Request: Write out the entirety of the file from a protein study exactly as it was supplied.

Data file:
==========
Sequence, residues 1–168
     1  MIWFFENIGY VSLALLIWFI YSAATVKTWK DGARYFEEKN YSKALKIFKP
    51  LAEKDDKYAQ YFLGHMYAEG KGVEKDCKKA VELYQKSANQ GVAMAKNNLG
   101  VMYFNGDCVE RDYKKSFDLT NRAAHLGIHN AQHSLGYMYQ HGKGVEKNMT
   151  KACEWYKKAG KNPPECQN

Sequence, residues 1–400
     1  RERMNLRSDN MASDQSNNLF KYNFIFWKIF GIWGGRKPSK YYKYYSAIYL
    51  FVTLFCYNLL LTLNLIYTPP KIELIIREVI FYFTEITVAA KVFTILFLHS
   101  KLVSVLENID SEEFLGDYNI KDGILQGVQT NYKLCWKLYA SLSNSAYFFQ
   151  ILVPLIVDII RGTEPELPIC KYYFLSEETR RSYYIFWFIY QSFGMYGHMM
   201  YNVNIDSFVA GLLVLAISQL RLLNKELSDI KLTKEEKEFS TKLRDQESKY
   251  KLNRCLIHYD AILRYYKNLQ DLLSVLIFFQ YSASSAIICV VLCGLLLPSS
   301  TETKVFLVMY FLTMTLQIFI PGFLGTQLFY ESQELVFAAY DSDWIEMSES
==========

Sequence, residues 1–168
     1  MIWFFENIGY VSLALLIWFI YSAATVKTWK DGARYFEEKN YSKALKIFKP
    51  LAEKDDKYAQ YFLGHMYAEG KGVEKDCKKA VELYQKSANQ GVAMAKNNLG
   101  VMYFNGDCVE RDYKKSFDLT NRAAHLGIHN AQHSLGYMYQ HGKGVEKNMT
   151  KACEWYKKAG KNPPECQN

Sequence, residues 1–400
     1  RERMNLRSDN MASDQSNNLF KYNFIFWKIF GIWGGRKPSK YYKYYSAIYL
    51  FVTLFCYNLL LTLNLIYTPP KIELIIREVI FYFTEITVAA KVFTILFLHS
   101  KLVSVLENID SEEFLGDYNI KDGILQGVQT NYKLCWKLYA SLSNSAYFFQ
   151  ILVPLIVDII RGTEPELPIC KYYFLSEETR RSYYIFWFIY QSFGMYGHMM
   201  YNVNIDSFVA GLLVLAISQL RLLNKELSDI KLTKEEKEFS TKLRDQESKY
   251  KLNRCLIHYD AILRYYKNLQ DLLSVLIFFQ YSASSAIICV VLCGLLLPSS
   301  TETKVFLVMY FLTMTLQIFI PGFLGTQLFY ESQELVFAAY DSDWIEMSES